Creditors

"Janet's With Her" - The Fed & Politics

The Fed has acted in favor of the few and to the detriment of the many. It, along with its employees, bosses, cronies, and drinking buddies, is firmly ensconced among the “One Percent” of the Washington-Manhattan axis. Rather than recognize any “conflict of interest,” it ignores its own biases in order to keep the racket going.

European, EM Stocks Slide On ECB Taper Concerns; US Futures Flat

With China on holiday, overnight sessions remain relatively quiet: at this moment, S&P500 futures are little changed as European stocks fall for first day in seven, on yesterday's concern that the ECB is moving toward tightening monetary policy; Asian indices rose slightly for third day. WTI climbs to $49.40, the highest since June 30 after yesterday's surprisingly large API crude draw report.

Peak Debt Complacency: Carmen "Different This Time" Reinhart Urges Debt Restructuring

[The establishment] needs no reminder of the historical record, but it bears noting that more than a dozen advanced economies received debt relief in one form or another during the depression of the 1930s. The approach to unwinding current debts is likely to vary considerably across countries, but it is time to place greater emphasis on debt restructuring (which comes with a menu of options) than on accumulating more debt.

Frontrunning: September 28

  • Stocks Rally as Deutsche Bank Slump Ends, Oil Gains Before Talks (BBG)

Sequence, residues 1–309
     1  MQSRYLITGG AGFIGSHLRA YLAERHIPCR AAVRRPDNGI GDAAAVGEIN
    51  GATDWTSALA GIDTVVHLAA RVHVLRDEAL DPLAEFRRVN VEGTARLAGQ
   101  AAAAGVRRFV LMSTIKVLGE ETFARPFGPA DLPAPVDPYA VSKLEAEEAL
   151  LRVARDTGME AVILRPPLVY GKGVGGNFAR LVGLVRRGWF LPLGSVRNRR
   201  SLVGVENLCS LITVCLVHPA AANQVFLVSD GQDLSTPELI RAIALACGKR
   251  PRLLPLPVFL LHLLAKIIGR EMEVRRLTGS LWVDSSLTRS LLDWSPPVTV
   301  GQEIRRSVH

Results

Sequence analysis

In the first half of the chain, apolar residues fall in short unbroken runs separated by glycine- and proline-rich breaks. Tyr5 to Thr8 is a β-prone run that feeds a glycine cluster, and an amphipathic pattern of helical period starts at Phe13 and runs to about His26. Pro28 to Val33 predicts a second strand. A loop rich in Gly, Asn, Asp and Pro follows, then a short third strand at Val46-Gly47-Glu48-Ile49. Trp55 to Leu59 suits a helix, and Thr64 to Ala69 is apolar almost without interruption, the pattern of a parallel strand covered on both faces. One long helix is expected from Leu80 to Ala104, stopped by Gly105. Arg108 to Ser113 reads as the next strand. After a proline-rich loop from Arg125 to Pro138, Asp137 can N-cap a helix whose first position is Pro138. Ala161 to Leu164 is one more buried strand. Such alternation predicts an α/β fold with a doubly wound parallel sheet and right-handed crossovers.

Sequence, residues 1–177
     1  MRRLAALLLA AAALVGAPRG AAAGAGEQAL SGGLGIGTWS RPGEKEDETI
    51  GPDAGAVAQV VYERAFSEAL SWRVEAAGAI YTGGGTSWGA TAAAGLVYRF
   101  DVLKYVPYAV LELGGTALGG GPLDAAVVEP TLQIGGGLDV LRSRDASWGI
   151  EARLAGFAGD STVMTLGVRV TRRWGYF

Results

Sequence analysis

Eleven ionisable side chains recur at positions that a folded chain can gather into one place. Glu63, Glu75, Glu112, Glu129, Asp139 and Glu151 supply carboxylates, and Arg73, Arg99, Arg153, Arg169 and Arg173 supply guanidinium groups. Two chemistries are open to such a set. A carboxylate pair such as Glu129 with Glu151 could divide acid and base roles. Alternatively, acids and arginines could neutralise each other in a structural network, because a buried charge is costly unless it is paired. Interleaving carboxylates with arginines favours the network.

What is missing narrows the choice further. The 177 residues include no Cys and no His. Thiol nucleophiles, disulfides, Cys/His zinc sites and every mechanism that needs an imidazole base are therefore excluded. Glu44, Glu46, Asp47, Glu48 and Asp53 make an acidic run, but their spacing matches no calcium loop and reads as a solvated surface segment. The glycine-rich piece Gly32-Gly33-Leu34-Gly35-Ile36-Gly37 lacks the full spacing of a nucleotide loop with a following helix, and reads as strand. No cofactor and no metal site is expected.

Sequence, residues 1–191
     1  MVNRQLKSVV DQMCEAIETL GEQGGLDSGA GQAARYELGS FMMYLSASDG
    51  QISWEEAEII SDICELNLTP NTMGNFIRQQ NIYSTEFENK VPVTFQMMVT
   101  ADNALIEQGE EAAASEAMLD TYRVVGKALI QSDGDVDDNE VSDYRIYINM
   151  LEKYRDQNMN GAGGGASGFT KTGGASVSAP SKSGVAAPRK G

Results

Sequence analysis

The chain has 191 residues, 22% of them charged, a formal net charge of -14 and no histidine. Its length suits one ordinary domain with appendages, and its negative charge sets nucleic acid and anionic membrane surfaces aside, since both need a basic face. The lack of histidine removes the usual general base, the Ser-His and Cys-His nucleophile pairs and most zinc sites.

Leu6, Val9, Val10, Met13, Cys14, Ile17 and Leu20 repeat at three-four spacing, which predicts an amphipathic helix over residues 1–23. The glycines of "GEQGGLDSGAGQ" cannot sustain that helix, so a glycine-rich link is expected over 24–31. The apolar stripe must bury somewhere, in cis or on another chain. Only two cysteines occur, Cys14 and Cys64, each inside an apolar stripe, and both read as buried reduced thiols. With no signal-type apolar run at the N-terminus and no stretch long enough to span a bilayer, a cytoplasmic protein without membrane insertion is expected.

• German government prepare Deutsche Bank rescue plan (Reuters)
  • German financial watchdog not working on emergency plan for Deutsche Bank (Reuters)
  • Saudi Arabia Signals Openness to Future Oil Compromise With Iran (BBG)
  • Will Congressional Face-off Over Flint Lead to a Government Shutdown? (NBC)
  • Shimon Peres, Israel's last founding father, dies at 93 (Reuters)

Futures Fail To Rebound As Deutsche Bank Tries To Comfort Markets That It Is "Fine"

After yesterday's "Hillary rally" in the US, the overnight's session has seen more risk-on sentiment as European stocks advanced, ignoring weakness in Asia as investors followed every twist of shares of beleaguered lender Deutsche Bank, whose CEO last night assured Bill readers that the bank is not seeking a bailout, which however was contradicted by a Zeit article this morning reporting that Germany may seek as much as s 25% "bailout" stake in a worst case scenario.

Why The EU Is Doomed

We are accustomed to looking at Europe’s woes in a purely financial context. This is a mistake, because it misses the real reasons why the EU will fail and not survive the next financial crisis. We normally survive financial crises, thanks to the successful actions of central banks as lenders of last resort. However, the origins and construction of both the the euro and the EU itself could ensure the next financial crisis commences in the coming months, and will exceed the capabilities of the ECB to save the system.